Cohen stated his most embarrassing moment was when he was with the cruise line and the Captain was holsting a party for the Prime Minister of the Bahamas. His last dish was to be a dessert called Souffle Surprise. It was to be served flaming. The lights were turned down, the brandy on the desert was lit, and nothing happened. Total Darkness! Cohen investigated the matter and found out that the cooks had drunk all the brandy and had substituted iced tea. Cohen did agree to share one of his recipes for Frontier's 43rd Birthday.

Souffle Grand Marnier

4 oz butter 4 oz flour
1 pint milk (half & half) 1 oz orange juice
1 cup sugar 7 egg yolks
Peel of one (1) orange 2 oz Grand Marnier
7 egg whites 7 egg yolks

Make roux (flour and butter). Heat milk and sugar. Mix into roux and cook for two minutes. Leave to cool. Add egg yolks slowly. Then add orange peel, orange joice and Grand Marnier. Whip egg whites to solid foam. Beat in half the egg whites to the mixture. Then carefully fold in the rest of the egg whites. Cook in the oven for 16 to 18 minutes at 325 degrees.

Food Service Management
Recent graduates in Food Service Sanitation Management. l-r Eddie Jackson - Kitchen Steward; Don Tonic - Asst. Food & Bev. Dir.; Karl Johnson, Asst. Food & Bev. Dir.

Longhorns Softball team

Longhorns softball team receive 2nd place tropy for the league championship game and the large trophy for 1st place in the post season tournament. Kneeling l-r Phil Braudus, Ricky Tatum, Tim Cook, Roy Bailey, John Corso, John Pokrzyk; standing l-r Dave Patton, Wes Martin, Charles Hall, Erwin Harvey, Tracy Jackson, Tommy Anderson, Kenny Glasper, Dan Mosholder, Al Howard.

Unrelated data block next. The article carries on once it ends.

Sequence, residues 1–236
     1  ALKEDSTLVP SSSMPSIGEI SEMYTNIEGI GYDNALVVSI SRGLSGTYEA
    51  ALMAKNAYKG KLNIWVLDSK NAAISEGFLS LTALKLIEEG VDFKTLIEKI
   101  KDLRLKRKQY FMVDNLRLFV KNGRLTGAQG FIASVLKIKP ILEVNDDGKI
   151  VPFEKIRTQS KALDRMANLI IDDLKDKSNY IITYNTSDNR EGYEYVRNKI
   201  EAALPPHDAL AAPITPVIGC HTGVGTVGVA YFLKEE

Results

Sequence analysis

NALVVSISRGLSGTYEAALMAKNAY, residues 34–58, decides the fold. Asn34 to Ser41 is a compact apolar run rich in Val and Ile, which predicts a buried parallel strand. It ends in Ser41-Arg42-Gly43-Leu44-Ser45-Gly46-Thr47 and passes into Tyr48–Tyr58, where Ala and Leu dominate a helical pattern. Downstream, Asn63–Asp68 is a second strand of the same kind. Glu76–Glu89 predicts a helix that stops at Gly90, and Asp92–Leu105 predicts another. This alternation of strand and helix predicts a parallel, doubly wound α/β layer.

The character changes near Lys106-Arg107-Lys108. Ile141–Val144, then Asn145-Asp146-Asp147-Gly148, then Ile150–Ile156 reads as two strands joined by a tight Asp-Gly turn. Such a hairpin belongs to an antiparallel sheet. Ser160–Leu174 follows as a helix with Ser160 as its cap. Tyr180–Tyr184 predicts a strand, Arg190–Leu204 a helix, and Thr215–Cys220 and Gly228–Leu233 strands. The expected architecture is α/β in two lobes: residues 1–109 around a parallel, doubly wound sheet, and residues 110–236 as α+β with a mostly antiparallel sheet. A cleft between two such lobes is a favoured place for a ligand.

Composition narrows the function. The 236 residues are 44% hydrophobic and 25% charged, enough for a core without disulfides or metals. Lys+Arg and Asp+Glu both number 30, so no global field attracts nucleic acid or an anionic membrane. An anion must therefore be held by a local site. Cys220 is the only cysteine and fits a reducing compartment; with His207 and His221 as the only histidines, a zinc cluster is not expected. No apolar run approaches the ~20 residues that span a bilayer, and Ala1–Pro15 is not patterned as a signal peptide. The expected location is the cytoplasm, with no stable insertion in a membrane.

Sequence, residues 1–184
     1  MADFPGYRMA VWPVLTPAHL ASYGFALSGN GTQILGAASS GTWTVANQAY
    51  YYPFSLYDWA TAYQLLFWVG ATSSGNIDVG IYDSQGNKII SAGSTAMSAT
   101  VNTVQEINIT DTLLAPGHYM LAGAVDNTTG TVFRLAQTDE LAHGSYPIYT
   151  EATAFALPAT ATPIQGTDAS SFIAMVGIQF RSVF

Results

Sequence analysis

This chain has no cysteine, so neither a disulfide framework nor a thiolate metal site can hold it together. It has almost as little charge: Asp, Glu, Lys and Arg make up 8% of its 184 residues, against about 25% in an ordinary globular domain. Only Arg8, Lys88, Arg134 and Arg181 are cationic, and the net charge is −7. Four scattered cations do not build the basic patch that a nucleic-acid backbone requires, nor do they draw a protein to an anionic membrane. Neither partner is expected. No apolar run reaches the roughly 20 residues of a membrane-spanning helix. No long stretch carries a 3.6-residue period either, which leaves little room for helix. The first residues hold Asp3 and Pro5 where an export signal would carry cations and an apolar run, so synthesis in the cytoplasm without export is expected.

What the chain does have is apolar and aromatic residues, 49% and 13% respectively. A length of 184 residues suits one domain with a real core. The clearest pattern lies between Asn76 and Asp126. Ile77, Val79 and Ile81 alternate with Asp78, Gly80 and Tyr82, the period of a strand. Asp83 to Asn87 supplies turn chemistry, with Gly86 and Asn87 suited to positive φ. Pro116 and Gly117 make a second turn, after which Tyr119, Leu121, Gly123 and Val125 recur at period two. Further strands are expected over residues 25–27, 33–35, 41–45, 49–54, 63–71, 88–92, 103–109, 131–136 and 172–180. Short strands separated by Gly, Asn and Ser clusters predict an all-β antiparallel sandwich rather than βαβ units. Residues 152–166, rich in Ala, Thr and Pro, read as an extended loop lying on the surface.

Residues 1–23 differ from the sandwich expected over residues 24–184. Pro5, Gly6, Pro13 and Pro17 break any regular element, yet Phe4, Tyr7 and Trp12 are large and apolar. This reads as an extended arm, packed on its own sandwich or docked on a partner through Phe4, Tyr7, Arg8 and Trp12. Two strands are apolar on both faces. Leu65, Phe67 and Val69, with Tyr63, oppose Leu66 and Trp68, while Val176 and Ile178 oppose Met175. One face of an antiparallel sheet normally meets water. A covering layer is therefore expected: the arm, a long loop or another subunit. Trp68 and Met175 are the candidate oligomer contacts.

Safety Post Contest

Employees' Children Safety Poster Contest winners l-r Melissa Skivington, age 6, daughter of Peggy Skivington, Data Processing Supervisor; Brandon Hadland, age 9, son of Mr. and Mrs. Ken Hadland, Head Gardener; Curt Thompson, Executive VP of Hotel Operations; Elif, age 8, and Devrim, age 5, Ozkan, daughters of Mr. and Mrs. Erdal Ozkan, Blackjack Dealer. The winners received complimentary family passes to Wet 'N Wild.

Simba Talent dancers

Simba Tallent Development Center provided the entertainment for the Frontier Children's Summer Festival. Shows - Tumbleweed Dolls dancing to Girls Just Want to Have Fun.

The following employees participated in a grand tour of the newly refurbished hotel rooms.

Sylvia & Steve admiring
the new living room center parlor
Jerry Langman
Living room balcony suite,
Jerry Langman Asst. Chief Eng.
Irene, Portia & Maureen relaxing
in a king suite bedroom
Portia, Steve, Maureen, Irene, Sylvia
Portia, Steve, Maureen, Irene & Sylvia
relaxing in the new living room center
Irene, Maureen, Portia, Sylvia, Steve
Living room balcony suite
Irene Dominguez, Gift Shop Clerk;
Maureen Coulter, Hair Salon Mgr;